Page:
8 December 2009

Landslide in the Lake District (Cumbria) in the recent floods

Posted by Dave Petley

Thanks to Rhiannon George of Meridian Geoscience for her help with this – the images and most of the information have been provided by her.

The press coverage of the recent (English) all time record rainfall event in Cumbria (in the area most commonly known as the Lake District in NW England) has focused upon the disastrous floods at Cockermouth. However, less well reported is the extensive devastation up in the headwaters of the catchment, and in adjacent areas, where landslides and floods occurred extensively. Rhiannon kindly provided information about two shallow landslides that occurred at Howtown, near to Ullswater. The pictures that Rhiannon has provided are pretty impressive:

This is one of the two slides, which appears to have split into two runout tracks.

This, and the image below, is the other.

These are comparatively small, shallow failures. They appear to have initiated quite low on the slope as shallow slips that have then eroded and entrained the top metre or so of the ground downslope. The cessation of movement appears to be gradient controlled – i.e. the point at which the slope angle decreased to the point that erosion ceased and deposition started.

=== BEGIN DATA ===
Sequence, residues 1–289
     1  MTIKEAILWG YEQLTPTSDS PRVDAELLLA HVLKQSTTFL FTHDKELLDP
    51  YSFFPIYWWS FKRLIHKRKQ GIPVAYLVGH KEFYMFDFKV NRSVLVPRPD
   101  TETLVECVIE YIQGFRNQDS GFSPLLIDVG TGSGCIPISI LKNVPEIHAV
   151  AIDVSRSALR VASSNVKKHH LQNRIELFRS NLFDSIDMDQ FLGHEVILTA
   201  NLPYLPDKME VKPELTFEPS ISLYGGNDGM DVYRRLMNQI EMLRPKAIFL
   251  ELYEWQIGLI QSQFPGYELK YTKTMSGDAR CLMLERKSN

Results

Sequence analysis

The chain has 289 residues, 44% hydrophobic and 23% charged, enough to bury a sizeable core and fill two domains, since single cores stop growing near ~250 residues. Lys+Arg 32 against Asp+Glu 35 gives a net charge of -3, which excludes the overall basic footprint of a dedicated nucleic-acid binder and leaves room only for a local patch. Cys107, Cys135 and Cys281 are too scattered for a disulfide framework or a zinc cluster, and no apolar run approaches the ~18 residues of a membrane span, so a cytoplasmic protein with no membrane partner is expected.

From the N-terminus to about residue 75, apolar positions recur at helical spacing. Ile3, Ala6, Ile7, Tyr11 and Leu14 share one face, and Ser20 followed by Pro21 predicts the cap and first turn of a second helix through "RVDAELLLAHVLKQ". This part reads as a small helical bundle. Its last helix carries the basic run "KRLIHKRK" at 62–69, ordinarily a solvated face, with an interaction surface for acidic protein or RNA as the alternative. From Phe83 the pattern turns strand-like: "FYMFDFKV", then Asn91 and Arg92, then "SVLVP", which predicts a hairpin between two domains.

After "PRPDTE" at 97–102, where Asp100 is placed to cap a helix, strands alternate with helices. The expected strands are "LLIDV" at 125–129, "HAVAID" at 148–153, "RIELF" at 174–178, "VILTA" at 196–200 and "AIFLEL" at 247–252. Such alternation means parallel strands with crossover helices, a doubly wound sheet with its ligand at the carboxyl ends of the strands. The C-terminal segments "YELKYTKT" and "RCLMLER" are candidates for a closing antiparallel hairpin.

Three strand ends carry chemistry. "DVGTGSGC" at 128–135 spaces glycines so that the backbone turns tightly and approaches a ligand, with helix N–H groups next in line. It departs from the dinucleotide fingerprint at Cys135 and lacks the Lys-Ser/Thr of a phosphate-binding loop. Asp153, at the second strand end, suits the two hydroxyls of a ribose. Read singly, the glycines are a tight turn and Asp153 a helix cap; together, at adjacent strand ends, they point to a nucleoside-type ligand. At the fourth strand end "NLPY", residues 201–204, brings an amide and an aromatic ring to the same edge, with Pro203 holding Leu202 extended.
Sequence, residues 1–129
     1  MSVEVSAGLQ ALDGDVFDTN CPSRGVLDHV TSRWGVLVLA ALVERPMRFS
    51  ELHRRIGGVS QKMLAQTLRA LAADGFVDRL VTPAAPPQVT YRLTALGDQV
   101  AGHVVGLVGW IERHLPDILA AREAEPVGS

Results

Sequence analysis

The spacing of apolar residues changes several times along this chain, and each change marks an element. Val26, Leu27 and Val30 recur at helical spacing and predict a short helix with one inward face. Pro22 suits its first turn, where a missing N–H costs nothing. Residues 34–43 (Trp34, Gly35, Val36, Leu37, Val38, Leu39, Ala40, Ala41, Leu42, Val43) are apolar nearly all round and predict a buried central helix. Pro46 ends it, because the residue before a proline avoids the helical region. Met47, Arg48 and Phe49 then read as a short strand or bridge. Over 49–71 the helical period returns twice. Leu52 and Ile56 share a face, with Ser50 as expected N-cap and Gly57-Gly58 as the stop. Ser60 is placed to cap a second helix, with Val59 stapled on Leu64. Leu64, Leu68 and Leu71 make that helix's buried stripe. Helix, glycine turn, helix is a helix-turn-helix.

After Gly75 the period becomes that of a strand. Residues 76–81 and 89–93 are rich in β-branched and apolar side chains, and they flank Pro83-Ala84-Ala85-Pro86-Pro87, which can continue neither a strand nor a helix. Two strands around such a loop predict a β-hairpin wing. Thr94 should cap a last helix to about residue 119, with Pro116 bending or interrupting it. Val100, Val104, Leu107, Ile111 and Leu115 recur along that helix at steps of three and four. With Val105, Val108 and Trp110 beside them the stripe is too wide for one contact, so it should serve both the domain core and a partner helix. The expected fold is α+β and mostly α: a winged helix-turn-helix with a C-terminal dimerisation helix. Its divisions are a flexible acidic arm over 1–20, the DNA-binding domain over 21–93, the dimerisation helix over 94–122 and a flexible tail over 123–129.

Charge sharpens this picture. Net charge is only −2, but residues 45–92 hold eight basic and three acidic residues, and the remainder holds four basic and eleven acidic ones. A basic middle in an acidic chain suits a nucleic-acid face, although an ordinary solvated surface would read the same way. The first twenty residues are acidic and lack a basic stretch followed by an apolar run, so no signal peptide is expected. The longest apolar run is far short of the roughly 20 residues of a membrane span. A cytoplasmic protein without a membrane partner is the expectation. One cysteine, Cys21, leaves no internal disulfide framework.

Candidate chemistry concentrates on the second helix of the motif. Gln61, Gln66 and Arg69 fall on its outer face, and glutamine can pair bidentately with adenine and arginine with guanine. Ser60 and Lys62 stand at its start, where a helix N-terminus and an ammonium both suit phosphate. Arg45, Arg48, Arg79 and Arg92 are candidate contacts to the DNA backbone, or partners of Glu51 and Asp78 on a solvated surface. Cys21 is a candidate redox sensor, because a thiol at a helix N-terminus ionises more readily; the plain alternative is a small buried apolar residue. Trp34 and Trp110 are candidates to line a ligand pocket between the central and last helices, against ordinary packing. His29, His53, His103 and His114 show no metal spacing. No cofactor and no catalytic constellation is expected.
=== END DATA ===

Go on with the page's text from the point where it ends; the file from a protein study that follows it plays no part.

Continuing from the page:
So why did these slides occur at this point at this time? Well, the rainfall that this area received broke the English record for one day and five day precipitation, so it is not surprising that many floods and slides occurred. The Google Earth image of the site of the second slip, taken prior to the landslides, also helps:

The landslide initiated in the highly disturbed and gullied area on the lower slope. This image suggests to me that the slope was under some distress prior to the failure. In other cases we have found that such gullying and disturbance, which is not seen on the adjacent slopes,
has indicated that for whatever reason, water was flowing into this area underground, maybe through a natural soil pipe network. In the heavy rainfall the flow of water can exceed the capacity of such pipes, causing the local ground to saturate and the the landslide to initiate.

This is an image of the head scarp of the second slide. If the above mechanisms is correct then it might be possible to see pipes in this area, but in the aftermath of the slide they may have become clogged, so some digging around would be needed.